• Thank you for all those links, that was enlightening. I rescind my statement that “chances are they’ll eventually act on it,” mostly because it’s inaccurate at best and was off-the-cuff and based on no statistical data. But I still maintain that a 10% chance of relapse is not something I feel is worth risking. What message does it send to the abused when they know their attacker is on the street, living a free life, with a chance (albeit slight) that he or she might abuse another child? If they’re both from a small town, and the abuser is seen every day? If the abuser is a family member?

          I understand where you’re coming from when you say this, but I resent your implication that to have a strong opinion from which I will not be swayed is the same as religious devotion. Furthermore, when I said “I will not be swayed from this,” I was speaking specifically about those individuals who act on their desires and make sexual contact with children; moreover, I was speaking to their ability to be completely rehabilitated and to therefore earn the right to be free within our society. We agree they will never stop being attracted to children as that cannot be changed, and that that is the reason I feel life imprisonment should be a mandatory sentence for such acts. You said you don’t disagree with me about life imprisonment for those who have sexual contact with children; why then do you compare my firm belief that they deserve to be imprisoned for these crimes with the blind faith of the religious?

          It’s true that we, as atheists/skeptics/scientists, pride ourselves on our ability to receive new data and evidence and therefore change our opinions accordingly. However, I do not believe that a 10% recidivism rate negates my heretofore held stance on the subject, though I appreciate the data, as always.

          Thank you for this conversation, and thank you for your work in the fields of mental health.

          • Thanks again for your responses, Molly.

            I really appreciate your clarification on these items, since this is a really complex issue, and I think I was probably overlapping your stance on one facet with your stance on other facets.

            I cannot and will not argue with your opinion about a 10% recidivism rate being too high, and I agree with the point you were making in the latter half of your first paragraph. Also, thank you for clarifying what you meant by “not being swayed”. I interpreted your sentence as meaning “I will not be swayed from the idea that these people cannot be helped at all,” and I was making the point that they *can* be helped. You were saying that they can’t always be “cured” *completely*, and I agree that it’s an important distinction.

            Also, I apologize if it sounded like I was comparing your stance on life imprisonment with the blind devotion of religious people. That was not my intent at all. My comparison was based on my misinterpretation of your “I will not be swayed” words (as explained above). Refusing to acknowledge new data *would* be that kind of blind devotion, and you have clearly been very receptive to new data, and you’ve also clarified the opinion you won’t be swayed from, so I think we’re pretty much all in agreement at this point.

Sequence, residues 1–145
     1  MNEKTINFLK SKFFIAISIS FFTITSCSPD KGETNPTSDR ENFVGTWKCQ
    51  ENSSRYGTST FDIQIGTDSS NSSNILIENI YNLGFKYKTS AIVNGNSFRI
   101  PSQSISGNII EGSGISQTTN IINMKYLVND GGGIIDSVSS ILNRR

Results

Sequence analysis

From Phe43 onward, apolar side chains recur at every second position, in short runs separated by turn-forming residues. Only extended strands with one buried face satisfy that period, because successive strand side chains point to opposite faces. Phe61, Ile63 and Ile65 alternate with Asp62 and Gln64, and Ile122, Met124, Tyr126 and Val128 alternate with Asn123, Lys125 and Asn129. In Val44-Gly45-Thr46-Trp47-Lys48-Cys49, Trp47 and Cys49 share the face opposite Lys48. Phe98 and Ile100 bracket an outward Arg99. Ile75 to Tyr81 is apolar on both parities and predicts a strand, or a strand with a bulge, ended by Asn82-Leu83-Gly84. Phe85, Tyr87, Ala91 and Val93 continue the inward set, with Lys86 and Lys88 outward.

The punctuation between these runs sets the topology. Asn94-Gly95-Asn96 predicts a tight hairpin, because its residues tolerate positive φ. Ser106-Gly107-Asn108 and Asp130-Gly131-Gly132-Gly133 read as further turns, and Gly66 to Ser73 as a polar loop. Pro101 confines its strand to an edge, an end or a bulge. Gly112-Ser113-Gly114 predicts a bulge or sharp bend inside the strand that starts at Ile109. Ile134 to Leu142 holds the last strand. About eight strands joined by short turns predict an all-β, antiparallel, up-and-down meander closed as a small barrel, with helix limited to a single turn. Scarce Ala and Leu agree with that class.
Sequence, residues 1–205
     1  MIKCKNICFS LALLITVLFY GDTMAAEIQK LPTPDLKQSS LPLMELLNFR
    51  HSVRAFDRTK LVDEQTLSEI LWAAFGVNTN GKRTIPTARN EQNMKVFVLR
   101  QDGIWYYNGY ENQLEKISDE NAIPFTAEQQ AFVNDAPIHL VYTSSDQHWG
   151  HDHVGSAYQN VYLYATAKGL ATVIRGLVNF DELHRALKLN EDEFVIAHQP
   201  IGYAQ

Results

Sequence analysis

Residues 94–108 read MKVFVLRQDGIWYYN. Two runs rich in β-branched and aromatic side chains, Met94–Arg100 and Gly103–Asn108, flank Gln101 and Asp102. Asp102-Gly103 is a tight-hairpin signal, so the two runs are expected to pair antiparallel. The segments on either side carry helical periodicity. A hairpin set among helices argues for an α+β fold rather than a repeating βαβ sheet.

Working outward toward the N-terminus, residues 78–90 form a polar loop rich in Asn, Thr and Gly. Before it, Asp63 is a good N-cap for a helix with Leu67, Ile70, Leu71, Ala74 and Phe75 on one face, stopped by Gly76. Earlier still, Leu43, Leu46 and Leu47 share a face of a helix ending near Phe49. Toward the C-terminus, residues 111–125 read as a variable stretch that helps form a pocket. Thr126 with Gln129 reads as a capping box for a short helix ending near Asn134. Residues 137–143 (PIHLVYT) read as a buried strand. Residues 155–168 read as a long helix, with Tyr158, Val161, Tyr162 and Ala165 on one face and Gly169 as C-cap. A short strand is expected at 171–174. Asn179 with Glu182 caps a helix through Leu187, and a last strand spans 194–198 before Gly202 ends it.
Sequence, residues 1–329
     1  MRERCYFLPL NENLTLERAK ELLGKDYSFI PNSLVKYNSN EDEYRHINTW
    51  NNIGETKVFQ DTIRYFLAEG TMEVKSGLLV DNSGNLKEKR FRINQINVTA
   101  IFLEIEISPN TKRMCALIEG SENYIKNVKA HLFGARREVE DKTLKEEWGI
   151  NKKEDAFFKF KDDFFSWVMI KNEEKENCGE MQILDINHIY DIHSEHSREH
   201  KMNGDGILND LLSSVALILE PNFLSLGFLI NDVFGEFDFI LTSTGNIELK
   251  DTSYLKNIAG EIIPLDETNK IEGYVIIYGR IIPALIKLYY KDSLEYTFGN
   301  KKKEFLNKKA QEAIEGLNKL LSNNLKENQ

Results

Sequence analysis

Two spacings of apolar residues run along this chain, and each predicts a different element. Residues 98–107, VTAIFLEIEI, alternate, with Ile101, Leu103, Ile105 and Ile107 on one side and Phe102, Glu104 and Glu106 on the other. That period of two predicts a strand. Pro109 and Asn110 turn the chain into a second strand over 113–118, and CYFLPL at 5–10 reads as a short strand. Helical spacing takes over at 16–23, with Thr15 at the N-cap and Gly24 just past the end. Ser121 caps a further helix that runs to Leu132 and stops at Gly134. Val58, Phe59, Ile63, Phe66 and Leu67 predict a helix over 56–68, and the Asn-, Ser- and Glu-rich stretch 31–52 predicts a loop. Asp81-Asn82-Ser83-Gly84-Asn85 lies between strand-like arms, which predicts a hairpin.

Again, I really appreciate the dialogue, and I look forward to more great episodes! Thanks!

  7. Albatross says:

    I disagree with capital punishment for several reasons:

    1) Molly’s point that we can’t undo it if we’re wrong, and our justice system certainly is both frequently wrong and intensely racist.

    2) It harms the society that does it. We’re a lesser nation because we do such a barbaric thing.

    3) It’s wrong for the State to kill an individual. The State is an composite entity, it has no right or justification in murdering someone, just as gods, if they existed, would have any right or justification in murdering an individual. A State, like a deity, is an alien entity which cannot itself understand or encompass what it is to be a mortal human. While both have sufficient power to kill individuals, neither can ever fully understand what it is to be a mortal human faced with death.

    3a) If anyone should have the right to carry out capital punishment, it would be the victims including the survivors of the perpetratpr. Not the State. If we had a capital punishment practice that somehow overcame my point 1), and which then carried out execution by having the victims of the perpetrator all have to push a button to end the convict’s life, one of which worked and the rest of which were dummies, then I’d say we would be CLOSER to a just system, although I’d still think it’s harmful and wrong.

    4) It’s too easy on the convict.

    That having been said, there are MANY times when I’d be willing to do the job. Given the opportunity to do so, I’d kill Aaron Schaffhausen myself. But that’s why I want my justice system to be BETTER than me.

  8. Albatross says:

    Gah! I got a shout out at the end and I’d already posted my opinion. You guys know me too well.
    I probably repeated myself from some prior comment. No, I probably contradicted myself…